Philip III founded this Church at the beginning of the 17th Century. It is a unique church in Madrid due to its ellipsoidal layout, and for having been painted entirely al fresco.
At the beginning of the 17th century, Philip III offered the Church and the adjacent Hospital to Portuguese pilgrims and patients who were passing through Madrid, so it was originally named San Antonio de los Portugueses. In 1640, when the Spanish crown lost Portugal, the temple ceased hosting citizens of Portugal and it remained empty until 1689, when Mariana de Austria gave it to the Catholics of Germany who were accompanying Carlos II’s wife in Madrid. Consequently, it was known as San Antonio de los Alemanes (Saint Anthony of the Germans).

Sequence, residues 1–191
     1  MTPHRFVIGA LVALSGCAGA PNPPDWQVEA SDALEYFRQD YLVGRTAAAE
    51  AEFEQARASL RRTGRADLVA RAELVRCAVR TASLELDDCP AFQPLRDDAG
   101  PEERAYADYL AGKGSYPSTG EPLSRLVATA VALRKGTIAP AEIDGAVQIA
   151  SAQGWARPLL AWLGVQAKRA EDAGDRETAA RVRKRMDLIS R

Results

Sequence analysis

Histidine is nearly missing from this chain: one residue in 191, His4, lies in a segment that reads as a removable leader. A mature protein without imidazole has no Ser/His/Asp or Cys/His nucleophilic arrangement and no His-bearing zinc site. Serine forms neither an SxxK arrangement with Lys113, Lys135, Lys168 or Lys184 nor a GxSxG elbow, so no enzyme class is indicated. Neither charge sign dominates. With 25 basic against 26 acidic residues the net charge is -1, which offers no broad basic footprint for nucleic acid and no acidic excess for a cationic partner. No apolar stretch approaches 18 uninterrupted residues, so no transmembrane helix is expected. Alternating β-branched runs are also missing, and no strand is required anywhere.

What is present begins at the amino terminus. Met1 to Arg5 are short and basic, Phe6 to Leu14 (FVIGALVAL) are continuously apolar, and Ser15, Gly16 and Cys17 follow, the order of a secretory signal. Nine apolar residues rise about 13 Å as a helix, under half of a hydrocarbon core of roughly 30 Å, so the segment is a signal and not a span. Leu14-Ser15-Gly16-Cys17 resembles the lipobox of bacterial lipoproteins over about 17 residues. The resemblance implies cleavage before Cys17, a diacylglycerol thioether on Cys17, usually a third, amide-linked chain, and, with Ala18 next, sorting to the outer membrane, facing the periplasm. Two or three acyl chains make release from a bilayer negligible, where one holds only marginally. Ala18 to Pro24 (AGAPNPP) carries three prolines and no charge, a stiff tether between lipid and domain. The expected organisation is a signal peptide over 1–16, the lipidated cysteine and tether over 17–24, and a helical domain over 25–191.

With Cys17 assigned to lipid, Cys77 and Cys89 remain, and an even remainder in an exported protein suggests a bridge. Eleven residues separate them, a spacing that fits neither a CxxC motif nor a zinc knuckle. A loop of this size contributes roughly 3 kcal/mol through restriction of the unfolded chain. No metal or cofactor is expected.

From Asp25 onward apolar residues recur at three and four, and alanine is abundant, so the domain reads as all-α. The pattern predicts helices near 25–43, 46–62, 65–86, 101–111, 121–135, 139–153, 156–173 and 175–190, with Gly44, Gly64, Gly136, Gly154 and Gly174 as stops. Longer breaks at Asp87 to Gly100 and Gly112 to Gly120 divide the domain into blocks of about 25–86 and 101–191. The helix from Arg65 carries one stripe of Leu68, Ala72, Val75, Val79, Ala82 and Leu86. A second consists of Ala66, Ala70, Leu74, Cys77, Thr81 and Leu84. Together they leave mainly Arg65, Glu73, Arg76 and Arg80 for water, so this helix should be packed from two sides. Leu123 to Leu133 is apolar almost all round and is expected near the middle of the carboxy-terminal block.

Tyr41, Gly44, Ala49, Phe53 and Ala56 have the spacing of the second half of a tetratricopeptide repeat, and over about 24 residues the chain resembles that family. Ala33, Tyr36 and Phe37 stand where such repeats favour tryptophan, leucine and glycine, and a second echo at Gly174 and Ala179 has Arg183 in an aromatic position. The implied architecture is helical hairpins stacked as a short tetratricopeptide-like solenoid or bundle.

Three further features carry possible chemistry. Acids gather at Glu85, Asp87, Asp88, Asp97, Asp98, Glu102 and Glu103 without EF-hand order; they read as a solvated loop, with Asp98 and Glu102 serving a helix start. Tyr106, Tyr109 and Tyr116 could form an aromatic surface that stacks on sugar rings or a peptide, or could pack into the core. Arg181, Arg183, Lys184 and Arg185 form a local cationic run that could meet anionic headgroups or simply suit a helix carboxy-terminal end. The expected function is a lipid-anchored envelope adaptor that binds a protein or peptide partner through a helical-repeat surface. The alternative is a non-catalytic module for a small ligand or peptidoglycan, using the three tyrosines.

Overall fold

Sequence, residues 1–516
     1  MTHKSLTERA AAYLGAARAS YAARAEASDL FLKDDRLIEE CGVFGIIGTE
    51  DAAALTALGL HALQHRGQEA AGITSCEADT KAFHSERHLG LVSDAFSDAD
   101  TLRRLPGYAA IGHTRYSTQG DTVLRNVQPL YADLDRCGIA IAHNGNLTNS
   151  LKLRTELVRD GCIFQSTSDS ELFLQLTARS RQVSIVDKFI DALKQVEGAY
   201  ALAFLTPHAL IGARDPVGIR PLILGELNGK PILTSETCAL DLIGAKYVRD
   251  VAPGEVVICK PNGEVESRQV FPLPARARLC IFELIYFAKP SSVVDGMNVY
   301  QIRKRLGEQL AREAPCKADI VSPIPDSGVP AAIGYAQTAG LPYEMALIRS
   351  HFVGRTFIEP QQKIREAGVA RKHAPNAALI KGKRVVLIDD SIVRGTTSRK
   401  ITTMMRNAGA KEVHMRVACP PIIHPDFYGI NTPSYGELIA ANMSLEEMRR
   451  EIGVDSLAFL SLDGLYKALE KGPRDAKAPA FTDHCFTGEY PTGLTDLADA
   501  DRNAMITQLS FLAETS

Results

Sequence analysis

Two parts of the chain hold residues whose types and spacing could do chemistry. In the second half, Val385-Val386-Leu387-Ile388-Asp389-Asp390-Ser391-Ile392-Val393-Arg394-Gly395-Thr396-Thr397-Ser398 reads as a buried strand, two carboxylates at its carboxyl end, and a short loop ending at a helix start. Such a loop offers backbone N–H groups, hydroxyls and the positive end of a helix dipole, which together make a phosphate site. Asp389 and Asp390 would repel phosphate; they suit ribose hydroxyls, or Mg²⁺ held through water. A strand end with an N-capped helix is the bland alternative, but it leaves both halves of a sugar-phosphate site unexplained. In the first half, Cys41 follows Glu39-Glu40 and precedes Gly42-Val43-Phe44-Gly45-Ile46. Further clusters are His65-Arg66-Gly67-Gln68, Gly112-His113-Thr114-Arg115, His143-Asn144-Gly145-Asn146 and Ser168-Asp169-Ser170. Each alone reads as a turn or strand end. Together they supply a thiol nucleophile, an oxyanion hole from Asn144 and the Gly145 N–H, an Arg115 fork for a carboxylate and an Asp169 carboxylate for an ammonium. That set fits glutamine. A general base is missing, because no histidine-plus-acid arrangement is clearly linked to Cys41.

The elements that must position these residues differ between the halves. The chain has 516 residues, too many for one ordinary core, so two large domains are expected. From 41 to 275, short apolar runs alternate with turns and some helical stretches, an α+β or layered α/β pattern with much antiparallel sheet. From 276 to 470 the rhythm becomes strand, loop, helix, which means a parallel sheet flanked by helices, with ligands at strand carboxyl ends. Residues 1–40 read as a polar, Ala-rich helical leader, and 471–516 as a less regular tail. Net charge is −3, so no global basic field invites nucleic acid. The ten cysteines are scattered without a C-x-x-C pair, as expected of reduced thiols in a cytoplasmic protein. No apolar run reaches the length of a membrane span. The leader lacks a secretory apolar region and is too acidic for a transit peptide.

Dedicated since its origins to San Antonio de Padua, the existing building was started in 1624 and several masters of that time participated in its construction, such as Pedro Sánchez, Francisco Seseña and Juan Gómez de Mora. Its interior decoration was completed in several stages and a group of noteworthy painters participated in it, such as Francisco Ricci, in charge of the architectural composition decorating the dome (an example of trompe l’oeil), Francisco Carreño de Miranda, who painted San Antonio’s ascent to the Virgin, or Lucas Jordán, in charge of repainting the fresco columns.
Entry: 2 euro.
Mon - Sat: 10:30am - 2:00pm
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